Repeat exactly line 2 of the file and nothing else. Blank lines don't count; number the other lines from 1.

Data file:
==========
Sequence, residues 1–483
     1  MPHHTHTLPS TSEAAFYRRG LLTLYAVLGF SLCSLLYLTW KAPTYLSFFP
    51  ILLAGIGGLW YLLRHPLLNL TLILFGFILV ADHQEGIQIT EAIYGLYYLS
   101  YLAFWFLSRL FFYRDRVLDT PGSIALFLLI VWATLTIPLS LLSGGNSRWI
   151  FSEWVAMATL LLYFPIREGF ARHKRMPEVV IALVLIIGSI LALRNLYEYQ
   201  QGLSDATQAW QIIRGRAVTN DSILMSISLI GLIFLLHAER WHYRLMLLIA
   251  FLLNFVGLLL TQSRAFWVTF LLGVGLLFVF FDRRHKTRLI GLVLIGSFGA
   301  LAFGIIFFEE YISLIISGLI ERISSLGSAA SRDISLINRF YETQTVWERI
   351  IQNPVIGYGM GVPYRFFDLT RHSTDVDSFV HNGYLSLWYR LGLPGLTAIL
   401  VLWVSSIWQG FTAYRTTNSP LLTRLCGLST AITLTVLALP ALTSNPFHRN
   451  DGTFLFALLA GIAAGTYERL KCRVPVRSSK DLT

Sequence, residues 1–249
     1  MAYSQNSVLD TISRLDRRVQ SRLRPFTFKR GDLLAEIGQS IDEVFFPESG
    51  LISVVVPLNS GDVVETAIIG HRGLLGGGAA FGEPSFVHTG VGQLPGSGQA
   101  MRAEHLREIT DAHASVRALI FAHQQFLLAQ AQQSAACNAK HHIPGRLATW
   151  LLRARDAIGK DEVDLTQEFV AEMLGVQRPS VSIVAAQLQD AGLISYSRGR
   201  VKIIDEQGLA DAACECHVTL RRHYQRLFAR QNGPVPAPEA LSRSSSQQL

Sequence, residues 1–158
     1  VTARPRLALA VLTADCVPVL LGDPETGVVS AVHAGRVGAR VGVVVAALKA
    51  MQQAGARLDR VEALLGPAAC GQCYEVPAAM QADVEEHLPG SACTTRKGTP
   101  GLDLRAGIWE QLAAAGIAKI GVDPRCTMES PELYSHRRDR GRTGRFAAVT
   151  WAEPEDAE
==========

     1  MPHHTHTLPS TSEAAFYRRG LLTLYAVLGF SLCSLLYLTW KAPTYLSFFP